Her gentleness and patience have showed me more of the beatitudes than many sermons. Her hunger and thirst have cried out for justice more strongly than the whole United Nations. Her single-hearted struggle for her children speaks more for love than many commandments…I need her faith to help me believe. After all, I know that all the rights she has been denied—food, work, education, decent housing—exist for some people—and sometimes they forget the “least of my brethren.”
Suffering with the people took a toll on their physical and mental health, and when Carla and Ita returned to the United States for periods of renewal, their families and friends were dismayed by their condition and did not understand their discomfort with U.S. opulence and waste. Yet it was those years spent with Chileans living under a ruthless dictatorship that prepared them for the challenges they would one day face in El Salvador.
In 1979 Archbishop Óscar Romero made an urgent appeal for experienced missioners to join him in El Salvador, where he was gaining renown internationally as the courageous champion of campesinos (farmers) and laborers being murdered by Salvadoran death squads and military forces in an ever-escalating spiral of violence. Carla and Ita answered his call, but arrived too late to work with him, just after his assassination on March 24, 1980. Exploring where they might be most needed, they perceived the oppressive Salvadoran reality, but were moved by the faith they witnessed in lay catechists who dauntlessly continued to speak the truth as their own beloved “Monseñor Romero” had done.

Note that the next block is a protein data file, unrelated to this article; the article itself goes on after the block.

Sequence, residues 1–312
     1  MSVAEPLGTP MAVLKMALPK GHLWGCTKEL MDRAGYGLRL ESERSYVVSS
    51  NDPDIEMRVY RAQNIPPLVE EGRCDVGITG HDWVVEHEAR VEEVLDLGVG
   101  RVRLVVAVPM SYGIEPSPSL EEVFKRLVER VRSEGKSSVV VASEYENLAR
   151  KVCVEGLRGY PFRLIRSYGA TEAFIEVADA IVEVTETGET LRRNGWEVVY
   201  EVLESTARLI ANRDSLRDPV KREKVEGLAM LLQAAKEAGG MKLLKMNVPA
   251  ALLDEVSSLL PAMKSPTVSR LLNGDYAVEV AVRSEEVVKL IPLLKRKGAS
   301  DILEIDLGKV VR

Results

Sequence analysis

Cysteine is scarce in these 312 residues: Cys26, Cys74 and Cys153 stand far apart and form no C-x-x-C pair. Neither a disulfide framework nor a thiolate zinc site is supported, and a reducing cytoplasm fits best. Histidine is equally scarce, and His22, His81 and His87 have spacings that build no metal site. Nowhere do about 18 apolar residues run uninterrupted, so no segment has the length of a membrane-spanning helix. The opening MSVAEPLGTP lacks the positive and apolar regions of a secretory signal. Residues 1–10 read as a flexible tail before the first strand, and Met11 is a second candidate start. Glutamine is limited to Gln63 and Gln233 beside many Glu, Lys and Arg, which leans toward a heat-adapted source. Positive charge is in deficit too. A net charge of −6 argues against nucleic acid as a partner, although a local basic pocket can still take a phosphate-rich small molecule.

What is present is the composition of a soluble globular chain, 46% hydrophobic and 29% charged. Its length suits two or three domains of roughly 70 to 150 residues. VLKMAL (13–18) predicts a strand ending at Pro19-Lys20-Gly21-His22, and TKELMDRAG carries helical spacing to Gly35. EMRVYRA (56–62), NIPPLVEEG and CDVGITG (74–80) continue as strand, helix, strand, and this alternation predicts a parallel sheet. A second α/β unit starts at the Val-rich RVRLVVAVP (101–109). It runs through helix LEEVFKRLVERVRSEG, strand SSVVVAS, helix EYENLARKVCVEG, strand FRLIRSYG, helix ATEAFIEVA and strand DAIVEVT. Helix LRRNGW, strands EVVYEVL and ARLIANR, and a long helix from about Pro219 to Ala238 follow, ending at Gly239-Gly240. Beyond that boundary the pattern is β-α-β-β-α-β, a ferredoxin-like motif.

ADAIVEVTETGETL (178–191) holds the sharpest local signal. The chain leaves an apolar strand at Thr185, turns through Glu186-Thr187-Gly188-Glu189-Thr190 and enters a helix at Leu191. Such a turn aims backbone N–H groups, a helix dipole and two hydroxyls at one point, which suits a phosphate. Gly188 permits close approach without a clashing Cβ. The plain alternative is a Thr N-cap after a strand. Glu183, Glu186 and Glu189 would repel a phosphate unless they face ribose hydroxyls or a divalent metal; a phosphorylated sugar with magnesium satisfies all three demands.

Carla soon noticed that her own spirituality was deepening; she wrote a friend: “[In this] situation of violence, I’ve come to believe in Christ as…dynamic life which can cast out fear…I’ve seen the difference in myself…not because I’m me but because Christ does live in me.” And she composed this poignant statement of faith:
I believe that Good will win over evil,
that Creativity will win over destruction
and that Peace will win over war…
My belief in Jesus who makes all things new is growing,
God has never abandoned me—
I’ve felt alone and lonely
but I’m learning to wait and He is present even in this mess.
Thus, when the Archdiocese of San Salvador asked Carla and Ita to coordinate a refugee committee in war-torn Chalatenango—where campesinos were most in need of food, clothing, and safety—they readily accepted. They threw themselves into this dangerous relief effort, aware that it would incur the ire of powerful government and army forces who would view them as sympathetic to guerrillas fighting in the area.
Carla’s zany personality and generosity of heart drew in others. Ursuline Sister Dorothy Kazel and lay missioner Jean Donovan, two blue-eyed blondes, were working with the Cleveland Latin American Mission Team in La Libertad on El Salvador’s Pacific coast and had also responded to archdiocesan requests for help in transporting refugees. Carla and Ita often called on them because they had vehicles and because their “gringa” looks seemed to ease their way through military roadblocks. Carla, a brunette, even began to joke about bleaching her hair.